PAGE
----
There’s no magic formula to raising unfortunately. You learn that quickly. Every business is different and every investor is different. My contrarian thinking was to sell the passion and skills of my team, combined with an ambitious vision. This approach made sense to me because products evolve as markets change, so why did it matter if we only had small amounts of traction, when the product was highly likely to develop and pivot in the future, in order to stay competitive with the times.
A small amount of traction is enough to show that you can create value and I believe this is still a strong approach because it boils down to the fact that a product can change – but founders can’t. This approach has turned out well for Hollabox and we now have backing from Just Eat Ventures, Jenson Funding Partners, Creative England, Virgin Start Up, Innovate UK and Angel Investors, including one most noted for founding Tossed
What are your favourite apps that make your life easier and media sites that you read every day to stay up to date?
I regularly read articles that are start-up specific from TechCrunch, Mashable, VentureBeat, Entrepreneur, BQ, Made in Shoreditch and various City based tech start-up groups on social media. These are full of debates that over the years have shaped my beliefs on running a business and taught me where to look when I need inspiration.
Otherwise I’m not ashamed to admit that I’ve always tried to be as resourceful as possible with the apps I’ve used. Just Eat have always been great to keep us fed and fueled in the office, and tools like Slack and Trello are start-up 101 in my opinion.
Have you had any mentors or role models that have influenced you?
We’ve been pretty lucky to spend a year in London now, working across various office spaces, accelerator programmes and networking events. I’m delighted to have met some other incredible CEOs and founders who have helped me become a better leader including Gemma Young (Settled), Rekha Mehr MBE (Pistachio Rose), Kosta Mavroulakis (Empact Ventures) and Vincent Mckevitt (Tossed),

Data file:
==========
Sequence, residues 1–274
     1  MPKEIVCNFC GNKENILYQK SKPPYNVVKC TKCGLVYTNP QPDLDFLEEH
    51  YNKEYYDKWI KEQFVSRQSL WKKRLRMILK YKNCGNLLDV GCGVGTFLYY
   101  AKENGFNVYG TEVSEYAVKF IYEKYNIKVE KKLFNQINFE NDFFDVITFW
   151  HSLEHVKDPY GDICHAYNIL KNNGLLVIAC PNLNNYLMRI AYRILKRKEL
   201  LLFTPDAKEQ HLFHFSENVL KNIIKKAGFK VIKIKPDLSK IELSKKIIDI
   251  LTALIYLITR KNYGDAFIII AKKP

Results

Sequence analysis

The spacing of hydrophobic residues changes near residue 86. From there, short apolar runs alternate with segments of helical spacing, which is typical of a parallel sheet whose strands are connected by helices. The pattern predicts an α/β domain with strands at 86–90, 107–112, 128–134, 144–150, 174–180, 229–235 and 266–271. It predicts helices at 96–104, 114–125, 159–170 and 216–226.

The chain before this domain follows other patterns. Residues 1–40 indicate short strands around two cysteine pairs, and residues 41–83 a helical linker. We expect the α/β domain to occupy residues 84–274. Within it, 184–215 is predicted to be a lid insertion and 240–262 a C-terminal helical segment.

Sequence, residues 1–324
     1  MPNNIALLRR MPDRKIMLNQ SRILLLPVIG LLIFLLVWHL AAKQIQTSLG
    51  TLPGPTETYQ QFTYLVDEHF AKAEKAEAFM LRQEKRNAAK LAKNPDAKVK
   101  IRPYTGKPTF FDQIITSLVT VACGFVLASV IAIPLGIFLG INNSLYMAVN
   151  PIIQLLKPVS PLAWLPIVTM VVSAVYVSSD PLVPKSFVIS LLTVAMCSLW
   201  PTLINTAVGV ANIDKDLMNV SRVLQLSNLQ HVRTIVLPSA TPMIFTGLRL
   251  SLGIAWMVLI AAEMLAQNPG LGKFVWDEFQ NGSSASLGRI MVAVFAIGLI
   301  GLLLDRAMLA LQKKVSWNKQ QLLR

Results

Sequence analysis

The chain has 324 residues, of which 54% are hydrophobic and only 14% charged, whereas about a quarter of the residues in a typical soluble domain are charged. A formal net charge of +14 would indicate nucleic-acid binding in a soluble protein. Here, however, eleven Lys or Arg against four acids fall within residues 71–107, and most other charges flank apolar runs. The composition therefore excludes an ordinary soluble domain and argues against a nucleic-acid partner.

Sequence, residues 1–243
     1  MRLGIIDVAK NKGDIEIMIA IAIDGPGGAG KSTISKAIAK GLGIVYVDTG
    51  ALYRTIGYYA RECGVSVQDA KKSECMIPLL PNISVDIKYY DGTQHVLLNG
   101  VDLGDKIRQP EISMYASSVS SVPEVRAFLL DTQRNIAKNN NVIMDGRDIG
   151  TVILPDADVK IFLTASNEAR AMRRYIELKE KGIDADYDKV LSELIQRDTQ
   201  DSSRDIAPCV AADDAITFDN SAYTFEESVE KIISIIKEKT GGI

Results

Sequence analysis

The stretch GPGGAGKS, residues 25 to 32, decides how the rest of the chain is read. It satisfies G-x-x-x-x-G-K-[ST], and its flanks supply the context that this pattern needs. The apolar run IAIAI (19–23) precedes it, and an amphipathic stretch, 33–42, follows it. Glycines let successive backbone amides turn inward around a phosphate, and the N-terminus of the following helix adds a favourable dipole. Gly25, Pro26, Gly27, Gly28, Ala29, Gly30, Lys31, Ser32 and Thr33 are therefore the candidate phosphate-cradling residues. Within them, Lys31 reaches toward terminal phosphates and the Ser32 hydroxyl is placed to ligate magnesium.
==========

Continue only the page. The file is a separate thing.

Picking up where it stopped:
Through our funding, we’ve also had the pleasure of exposure to mentors including Russell Forster and Stuart Mainwaring from Just Eat Ventures, where we learnt some incredible scaling strategies and user acquisition strategies.
Where do you see your company in a few years’ time and what are your thoughts on the future of your industry?
In a few years’ time, Hollabox will be accessible in five of the world’s most visited cities, with the first stop being New York sometime in the near future. Something to look forward to even sooner are the new partnerships that will add a shoppable layer to our content, where individual dishes and drinks seen in reviews can be bought or ordered direct to the user’s door.
The long term future of this space however, will certainly be relevant to VR, when it overtakes video as the norm in the next 10 years – so the future of our platform may well lie in developing our content around this technology.
What kinds of companies or particular technologies are you most excited about right now and what trends do you think are overhyped?
Artificial Intelligence has obviously been a buzz word for some years, and we’re investigating unexplored applications of the technology. In our sector, I’ve seen lots of apps that literally oversell themselves as “AI discovery platforms”, jumping on the hype of AI and claiming that computers will improve your social life.
I firmly believe that the review and discovery sectors are people-centric, meaning community-led and creator platforms will be the winners of the industry in the long run. We’ve found a way to apply AI to the smartphone camera itself – the tool used primarily to create video and review style content. This means we keep the human/people element of our product intact, but further empower and adds value to our creators in the content making process.